This plugin has the following features/advantages when compared to other webpack/optimization plugins:

  • There is no configuration.
  • The sls package, sls deploy, and sls deploy function are all supported.
  • Individual functions are packaged into Lambda deployment packages (zip) that only contain the code needed to run the function (no bloat)
  • Because dependencies are isolated, an array of webpack configurations is used instead of a single webpack configuration with multiple entry points, resulting in better tree-shaking.

This plugin is based on Serverless Webpack partially.

Here are some critical aspects of Serverless Webpack:

Serverless Webpack Aspects: Install

The code below is used to install serverless Webpack: 

$ npm install serverless-webpack --save-dev

Include the following code in your serverless.yml file:

plugins:
  - serverless-webpack

Serverless Webpack Aspects: Configure

The Serverless webpack plugin is configured by adding a custom: webpack object to your serverless.yml file with your specific configuration. If any settings are missing, they will be set to reasonable defaults.

The settings are described in detail in the sections below. The default settings are:

custom:
  webpack:
    webpackConfig: 'webpack.config.js' # Name of webpack configuration file
    includeModules: false # Node modules configuration for packaging
    packager: 'npm' # Packager that will be used to package your external modules
    excludeFiles: src/**/*.test.js # Provide a glob for files to ignore

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Webpack Configuration File

The plugin will look in the service directory by default for a webpack.config.js file. You can also use serverless.yml to specify another file or configuration.

custom:
  webpack:
    webpackConfig: ./folder/my-webpack.config.js

This is an example of a basic Webpack configuration:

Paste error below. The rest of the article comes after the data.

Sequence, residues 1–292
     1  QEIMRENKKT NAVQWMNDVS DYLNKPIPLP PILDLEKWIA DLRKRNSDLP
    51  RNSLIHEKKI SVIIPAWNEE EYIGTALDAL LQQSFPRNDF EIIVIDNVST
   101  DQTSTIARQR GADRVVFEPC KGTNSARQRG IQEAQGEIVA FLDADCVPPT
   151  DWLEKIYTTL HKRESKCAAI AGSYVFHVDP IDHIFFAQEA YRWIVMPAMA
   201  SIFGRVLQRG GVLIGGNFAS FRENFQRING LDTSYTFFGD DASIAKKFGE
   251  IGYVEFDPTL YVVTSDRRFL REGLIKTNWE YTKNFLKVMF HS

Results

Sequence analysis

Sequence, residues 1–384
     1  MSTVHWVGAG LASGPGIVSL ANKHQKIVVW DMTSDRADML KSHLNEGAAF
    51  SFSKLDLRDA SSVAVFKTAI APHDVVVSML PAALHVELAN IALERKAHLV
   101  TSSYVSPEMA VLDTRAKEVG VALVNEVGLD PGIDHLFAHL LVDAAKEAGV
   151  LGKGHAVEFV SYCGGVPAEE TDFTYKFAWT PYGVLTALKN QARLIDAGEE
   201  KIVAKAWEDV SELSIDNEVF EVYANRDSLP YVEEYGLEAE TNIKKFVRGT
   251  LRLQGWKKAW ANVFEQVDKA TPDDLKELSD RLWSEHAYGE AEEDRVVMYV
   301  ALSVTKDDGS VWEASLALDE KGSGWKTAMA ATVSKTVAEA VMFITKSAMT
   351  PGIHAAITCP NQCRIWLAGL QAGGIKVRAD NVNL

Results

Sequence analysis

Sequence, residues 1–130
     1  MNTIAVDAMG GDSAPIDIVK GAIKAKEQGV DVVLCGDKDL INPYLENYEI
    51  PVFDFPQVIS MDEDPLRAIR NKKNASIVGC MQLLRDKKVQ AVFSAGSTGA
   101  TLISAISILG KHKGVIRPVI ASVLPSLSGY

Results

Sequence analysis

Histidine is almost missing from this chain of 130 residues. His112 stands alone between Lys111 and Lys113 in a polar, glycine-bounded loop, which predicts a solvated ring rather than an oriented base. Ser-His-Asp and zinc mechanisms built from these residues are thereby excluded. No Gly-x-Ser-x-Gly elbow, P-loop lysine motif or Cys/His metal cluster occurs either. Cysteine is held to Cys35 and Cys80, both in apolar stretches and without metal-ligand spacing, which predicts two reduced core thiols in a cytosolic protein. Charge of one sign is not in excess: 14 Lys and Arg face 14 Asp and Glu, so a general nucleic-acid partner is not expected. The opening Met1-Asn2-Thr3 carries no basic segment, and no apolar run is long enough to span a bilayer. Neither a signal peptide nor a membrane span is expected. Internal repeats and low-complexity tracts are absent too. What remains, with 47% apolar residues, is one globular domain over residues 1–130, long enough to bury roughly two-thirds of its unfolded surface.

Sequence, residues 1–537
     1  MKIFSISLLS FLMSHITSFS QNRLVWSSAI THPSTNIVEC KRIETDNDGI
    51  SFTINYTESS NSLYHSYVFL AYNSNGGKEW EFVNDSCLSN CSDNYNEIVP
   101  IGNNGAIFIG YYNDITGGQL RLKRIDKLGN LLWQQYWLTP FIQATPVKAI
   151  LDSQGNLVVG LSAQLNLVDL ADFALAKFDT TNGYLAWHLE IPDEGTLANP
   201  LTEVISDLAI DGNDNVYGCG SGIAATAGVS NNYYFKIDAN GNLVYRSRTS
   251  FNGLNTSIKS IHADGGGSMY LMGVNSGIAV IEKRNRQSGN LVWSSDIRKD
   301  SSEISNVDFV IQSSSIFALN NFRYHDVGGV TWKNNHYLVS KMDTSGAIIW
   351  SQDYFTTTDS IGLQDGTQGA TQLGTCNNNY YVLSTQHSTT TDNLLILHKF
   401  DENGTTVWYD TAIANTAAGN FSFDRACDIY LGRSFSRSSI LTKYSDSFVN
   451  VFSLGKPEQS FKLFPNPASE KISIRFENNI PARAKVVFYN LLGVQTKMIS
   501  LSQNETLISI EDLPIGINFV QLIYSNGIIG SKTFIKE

// webpack.config.js

module.exports = {
  entry: './handler.js',
  target: 'node',
  module: {
    loaders: [ ... ]
  }
};

Alternatively, the Webpack configuration can export an asynchronous object (such as a promise or an async function) that the plugin will await and resolve to the final configuration object. This is useful if the configuration relies on asynchronous functions, such as defining the current AWS user’s AccountId inside AWS lambda@edge, which does not allow for the definition of normal process environment variables.

This is how a basic Webpack promise configuration might look:

// Version if the local Node.js version supports async/await
// webpack.config.js

const webpack = require('webpack')
const slsw = require('serverless-webpack');

module.exports = (async () => {
  const accountId = await slsw.lib.serverless.providers.aws.getAccountId();
  return {
    entry: './handler.js',
    target: 'node',
    plugins: [
      new webpack.DefinePlugin({
        AWS_ACCOUNT_ID: `${accountId}`,
      }),
    ],
    module: {
      loaders: [ ... ]
    }
  };
})();
// Version with promises
// webpack.config.js

const webpack = require('webpack')
const slsw = require('serverless-webpack');
const BbPromise = require('bluebird');

module.exports = BbPromise.try(() => {
  return slsw.lib.serverless.providers.aws.getAccountId()
  .then(accountId => ({
    entry: './handler.js',
    target: 'node',
    plugins: [
      new webpack.DefinePlugin({
        AWS_ACCOUNT_ID: `${accountId}`,
      }),
    ],
    module: {
      loaders: [ ... ]
    }
  }));
});

serverless-webpack Lib Export Helper

serverless-webpack exposes a lib object that can be used in your webpack.config.js to simplify configuration and create fully dynamic configurations. This is the recommended method of configuring Webpack because the plugin will handle as much of the configuration (and subsequent changes to your services) as possible.

Automatic Entry Resolution

You can let the plugin choose the appropriate handler entry points during the build process. Then you won’t have to worry about adding or removing features from your service:

// webpack.config.js
const slsw = require('serverless-webpack');

module.exports = {
  ...
  entry: slsw.lib.entries,
  ...
};

It’s also possible to add custom entries that aren’t part of the SLS Build Process:

// webpack.config.js
const _ = require('lodash');
const slsw = require('serverless-webpack');

module.exports = {
  ...
  entry: _.assign({
    myCustomEntry1: './custom/path/something.js'
  }, slsw.lib.entries),
  ...
};
Full Customization

The serverless and options properties in the lib export allow you to access the Serverless instance and command-line options.

The current stage e.g is accessible through slsw.lib.options.stage.

This enables you to build a fully customized dynamic configuration that can test anything in the Serverless framework with no limitations.